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Damascus sociology graduate turns to waitressing to support family

In Damascus, with young men away at war, more women […]

19 January 2017

In Damascus, with young men away at war, more women are entering the workforce to support their families.

Some women, such as Leila Shaabih, 28, have opted to work in male-dominated fields such as cafes and restaurants.

The backlash is palpable. The Sharia Court in Damascus has received multiple cases of husbands filing for divorce because of wives deciding to work. Even the chief justice of sharia law weighed in: “It is not befitting for women in Syrian society to work in coffee shops and restaurants,” Syrian state media agency Al-Watan quoted Chief Sharia Justice Mahmood Maraawi as saying on January 8.

When Leila started working as a waitress in a middle-class Damascus neighborhood three months ago, she received backlash from girlfriends who stopped talking to her, and relatives who said her work reflected badly on her family name, she tells Syria Direct’s Mohammed al-Haj Ali.

In her work, Leila says she faces criticism. She hears customers murmur “poor thing” or ask one another, “Why is she working here?”

The sociology graduate, who earns SP30,000 ($140) a month, is the sole provider for her family of five. Her father is retired, her mother stays at home and her two university-aged brothers, who do not work, are prolonging their studies to avoid military service.

“If I did have a chance to speak with the customers, I would tell them that every person lives her own life, and they have no right to interfere with mine.”

Q: Why did you decide to work at a restaurant, especially considering the fact that you’re a university graduate who studied sociology?

There are many reasons, but the most important is money. Right now, I’m the only provider in my family of five. I do have two university-aged brothers, but they don’t work because of their studies. Also, they’re prolonging their studies because they don’t want to graduate. Once they do, they’ll have to serve in the military. So they’re failing on purpose, so they can avoid service.

Also, things are very expensive in Damascus. Every member of a household needs to work just so a family can afford basic items.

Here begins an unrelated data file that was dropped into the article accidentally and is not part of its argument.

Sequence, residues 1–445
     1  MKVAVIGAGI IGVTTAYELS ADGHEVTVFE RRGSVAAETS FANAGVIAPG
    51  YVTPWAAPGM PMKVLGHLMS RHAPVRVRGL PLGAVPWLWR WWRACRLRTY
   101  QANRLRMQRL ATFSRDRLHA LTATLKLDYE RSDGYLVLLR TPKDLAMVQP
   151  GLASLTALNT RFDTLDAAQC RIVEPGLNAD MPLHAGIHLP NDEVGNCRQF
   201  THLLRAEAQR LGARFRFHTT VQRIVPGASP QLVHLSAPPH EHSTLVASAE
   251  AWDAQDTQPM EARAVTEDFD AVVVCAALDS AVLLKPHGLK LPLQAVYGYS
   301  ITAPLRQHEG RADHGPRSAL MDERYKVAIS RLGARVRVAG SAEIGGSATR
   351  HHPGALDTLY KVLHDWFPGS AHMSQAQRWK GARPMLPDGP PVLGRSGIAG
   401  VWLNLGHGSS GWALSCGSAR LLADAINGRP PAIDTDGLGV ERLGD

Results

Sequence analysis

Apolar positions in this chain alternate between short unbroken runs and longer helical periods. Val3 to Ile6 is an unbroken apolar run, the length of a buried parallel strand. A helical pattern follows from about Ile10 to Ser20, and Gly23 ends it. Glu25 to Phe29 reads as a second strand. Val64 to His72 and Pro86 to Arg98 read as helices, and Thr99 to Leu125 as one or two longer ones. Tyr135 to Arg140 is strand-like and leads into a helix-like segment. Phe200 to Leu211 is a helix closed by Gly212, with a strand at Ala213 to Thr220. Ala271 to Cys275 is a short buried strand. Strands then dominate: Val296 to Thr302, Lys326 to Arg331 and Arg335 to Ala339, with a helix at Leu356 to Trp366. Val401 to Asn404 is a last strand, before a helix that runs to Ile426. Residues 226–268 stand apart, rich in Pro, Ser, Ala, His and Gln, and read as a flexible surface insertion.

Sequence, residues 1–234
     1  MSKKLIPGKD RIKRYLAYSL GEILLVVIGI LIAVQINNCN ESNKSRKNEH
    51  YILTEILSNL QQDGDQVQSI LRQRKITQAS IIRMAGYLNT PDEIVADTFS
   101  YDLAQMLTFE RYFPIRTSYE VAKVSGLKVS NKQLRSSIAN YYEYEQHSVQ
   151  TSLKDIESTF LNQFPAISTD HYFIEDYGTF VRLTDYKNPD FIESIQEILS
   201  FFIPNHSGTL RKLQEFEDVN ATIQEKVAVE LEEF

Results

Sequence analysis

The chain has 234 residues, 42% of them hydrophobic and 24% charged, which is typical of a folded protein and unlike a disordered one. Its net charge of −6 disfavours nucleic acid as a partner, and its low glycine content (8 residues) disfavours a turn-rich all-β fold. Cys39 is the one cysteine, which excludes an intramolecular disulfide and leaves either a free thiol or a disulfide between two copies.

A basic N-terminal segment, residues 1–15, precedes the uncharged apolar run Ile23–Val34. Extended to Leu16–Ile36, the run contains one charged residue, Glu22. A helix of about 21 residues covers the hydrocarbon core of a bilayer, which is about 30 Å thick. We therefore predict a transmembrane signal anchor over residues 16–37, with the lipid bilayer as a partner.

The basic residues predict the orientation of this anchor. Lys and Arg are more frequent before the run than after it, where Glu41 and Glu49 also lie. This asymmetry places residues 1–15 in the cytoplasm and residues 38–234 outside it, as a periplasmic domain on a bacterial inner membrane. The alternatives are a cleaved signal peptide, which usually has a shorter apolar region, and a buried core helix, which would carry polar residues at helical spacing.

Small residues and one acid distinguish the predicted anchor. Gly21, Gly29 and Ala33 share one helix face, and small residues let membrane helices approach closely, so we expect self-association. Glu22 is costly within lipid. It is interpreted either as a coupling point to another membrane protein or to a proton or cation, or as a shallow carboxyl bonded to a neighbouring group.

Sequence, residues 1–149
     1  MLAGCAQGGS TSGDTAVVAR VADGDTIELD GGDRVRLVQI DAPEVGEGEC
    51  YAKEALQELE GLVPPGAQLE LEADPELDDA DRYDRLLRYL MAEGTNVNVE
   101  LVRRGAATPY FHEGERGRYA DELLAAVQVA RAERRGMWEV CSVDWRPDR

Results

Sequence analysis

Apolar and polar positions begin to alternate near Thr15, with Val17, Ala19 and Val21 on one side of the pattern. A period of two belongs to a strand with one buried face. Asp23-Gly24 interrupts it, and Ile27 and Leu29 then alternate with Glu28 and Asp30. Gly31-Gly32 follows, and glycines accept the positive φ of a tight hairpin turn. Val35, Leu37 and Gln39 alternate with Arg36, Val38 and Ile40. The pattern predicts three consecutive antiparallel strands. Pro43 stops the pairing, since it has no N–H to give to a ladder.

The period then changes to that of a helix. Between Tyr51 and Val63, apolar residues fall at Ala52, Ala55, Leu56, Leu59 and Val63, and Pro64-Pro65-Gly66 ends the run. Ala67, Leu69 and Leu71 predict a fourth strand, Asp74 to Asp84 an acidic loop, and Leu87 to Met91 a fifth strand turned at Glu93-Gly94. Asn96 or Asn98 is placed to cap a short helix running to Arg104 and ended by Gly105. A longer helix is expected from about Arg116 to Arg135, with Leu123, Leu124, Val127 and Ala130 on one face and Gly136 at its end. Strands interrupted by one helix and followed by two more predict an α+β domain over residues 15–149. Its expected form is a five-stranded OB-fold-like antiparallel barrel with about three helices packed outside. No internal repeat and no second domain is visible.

Woman selling bread in Tilyani, Damascus. Photo courtesy of Lens Young Dimashqi.

Q: How do Damascenes view women who work in restaurants, cafes or other, traditionally male-dominated professions?

Our society is very critical of women who work in restaurants, cafes, markets or take evening shifts.

But people have started to accept this, because they know what’s happening in Damascus. It’s expensive and women need to work, especially considering the shortage of men. Many men have left or are serving in the army.

There are some women who run small businesses from home. They cut and prepare vegetables, package sweets or sew clothing.

Q: How do friends and relatives react when they find out where you work? How do customers treat you?

People say a lot. Customers, relatives and even friends have commented.

Sometimes relatives talk with my father about my work and tell him that it doesn’t reflect well on the family name. I’ve also lost a lot of my girlfriends.

I get a lot of comments at work; I always hear customers at the restaurant say things like, “Why is she working here?” or “ Poor thing.”

There’s a lot of talk about married couples divorcing over the wife’s work.  We heard about this from Mahmood al-Maraawi, the chief sharia judge.

[Ed.: On January 8, Al-Watan published an article with comments from the chief sharia justice in Damascus about women working in cafes and restaurants. The judge said that the court had received several cases of husbands filing for divorce because they disapproved of their wives’ work.]

Q: How do you feel when you hear customers’ comments in the restaurant? If you had the chance to respond to them, what would you say?

At the beginning I would get upset by their comments, not just those of the customers, but also remarks from my friends and relatives. But now, I don’t pay them any attention. They no longer affect me.

But if I did have a chance to speak with the customers, I would tell them that every person lives her own life, and they have no right to interfere with mine.

I’m only at this job so I can earn money. Right now things are very difficult, financially speaking. Transportation, heat, food, clothing, etc. are expensive. And no matter how much money you make, things always cost more.  Prices continue to go up.

But at the end of the day, I work in a public place. There is nothing sketchy or shameful about my work. I’m not afraid of anyone and I don’t care what they say.

Q: You’re a university graduate. Why don’t you apply for government jobs?

Right now, women have many more work opportunities than men, because of the requirement that men must have finished mandatory military service. But government positions are limited to families of regime officials, shabiha members or National Defense fighters.

And it’s hard to find a private-sector jobs because they have very specific requirements. You need to know English and be competent in certain computer programs. Many Syrians don’t have these skills. 

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